took on a more pleasing look as I studied that I decided to move in a
little closer and look at it from a little closer range which I wanted up
here so there’s where I settled in but I started here I stood in that position
and made a rough sketch I moved here I made another sketch I moved here and I
made a third sketch here’s a second opportunity I was
standing on a little bridge I made this first sketch then and as I looked at it
from the standpoint I had too much dead center it was to simply be balanced and
as a result to take down a little bit of a boring aspect to me so I didn’t want
the water in the center of the point of the mountain develops the trees on both
sides so I moved to a different position and in this case say I moved over to the
left I backed up some and I liked much better what I saw as an arrangement
still looking at it to say I’m here I have an opportunity to look at it from
another angle so I moved over more to the right and I settled in on this is a
more pleasing arrangement for what I would want to try to take forward and
paint here’s another important step here that they have in mind
abstract thinking is beneficial these key elements will assist you in creating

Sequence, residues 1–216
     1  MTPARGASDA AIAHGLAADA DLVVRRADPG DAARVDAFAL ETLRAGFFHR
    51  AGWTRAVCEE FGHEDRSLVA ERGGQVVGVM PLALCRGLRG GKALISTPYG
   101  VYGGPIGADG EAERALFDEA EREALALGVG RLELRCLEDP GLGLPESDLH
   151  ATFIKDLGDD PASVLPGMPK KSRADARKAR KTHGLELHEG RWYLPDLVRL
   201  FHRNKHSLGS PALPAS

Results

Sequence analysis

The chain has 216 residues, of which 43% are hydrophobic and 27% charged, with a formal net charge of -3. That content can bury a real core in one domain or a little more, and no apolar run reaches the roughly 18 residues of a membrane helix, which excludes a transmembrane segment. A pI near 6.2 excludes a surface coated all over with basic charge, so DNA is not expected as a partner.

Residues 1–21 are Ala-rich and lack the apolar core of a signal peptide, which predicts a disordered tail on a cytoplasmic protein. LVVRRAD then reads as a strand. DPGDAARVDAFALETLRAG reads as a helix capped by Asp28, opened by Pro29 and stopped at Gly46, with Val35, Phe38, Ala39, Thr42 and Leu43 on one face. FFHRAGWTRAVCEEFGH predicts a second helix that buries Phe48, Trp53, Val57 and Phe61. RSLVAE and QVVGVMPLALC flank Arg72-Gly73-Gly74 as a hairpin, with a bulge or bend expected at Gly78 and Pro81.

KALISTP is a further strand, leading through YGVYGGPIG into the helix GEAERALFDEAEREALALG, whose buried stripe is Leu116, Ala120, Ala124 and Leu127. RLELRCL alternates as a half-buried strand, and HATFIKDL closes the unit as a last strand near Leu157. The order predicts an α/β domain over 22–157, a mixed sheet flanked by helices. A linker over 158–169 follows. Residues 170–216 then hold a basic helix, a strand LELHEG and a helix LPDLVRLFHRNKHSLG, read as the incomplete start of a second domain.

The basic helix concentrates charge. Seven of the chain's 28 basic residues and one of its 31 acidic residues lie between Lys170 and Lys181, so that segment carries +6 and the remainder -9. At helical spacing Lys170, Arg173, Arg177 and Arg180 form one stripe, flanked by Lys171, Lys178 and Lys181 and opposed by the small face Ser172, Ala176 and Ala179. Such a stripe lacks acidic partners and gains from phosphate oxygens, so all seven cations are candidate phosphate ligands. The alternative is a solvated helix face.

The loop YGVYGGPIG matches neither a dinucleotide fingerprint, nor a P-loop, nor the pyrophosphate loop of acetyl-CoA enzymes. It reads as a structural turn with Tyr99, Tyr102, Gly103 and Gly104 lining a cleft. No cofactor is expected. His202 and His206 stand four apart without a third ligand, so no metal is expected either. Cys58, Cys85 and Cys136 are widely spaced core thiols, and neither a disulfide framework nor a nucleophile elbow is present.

those with in they are lying their form the pattern
that subject relationships and in this one example there’s a nice flowing
pattern here of shapes what was good in the early stages the shapes were worked
out in kind of linear form and then the paint was applied once that structure
was there the other piece there are some linear relationships that created shapes
within them and again the interest once that was
worked out as as a rough was now free to apply color and brushwork create a more
interesting abstract composition back to my sketch they have their earlier so
here’s the one I chose this is what it really boils down to us in this area of
individual style what I’m after in this is what you see over here that’s what
I’m going to transfer onto my canvas but I am happy with it from the standpoint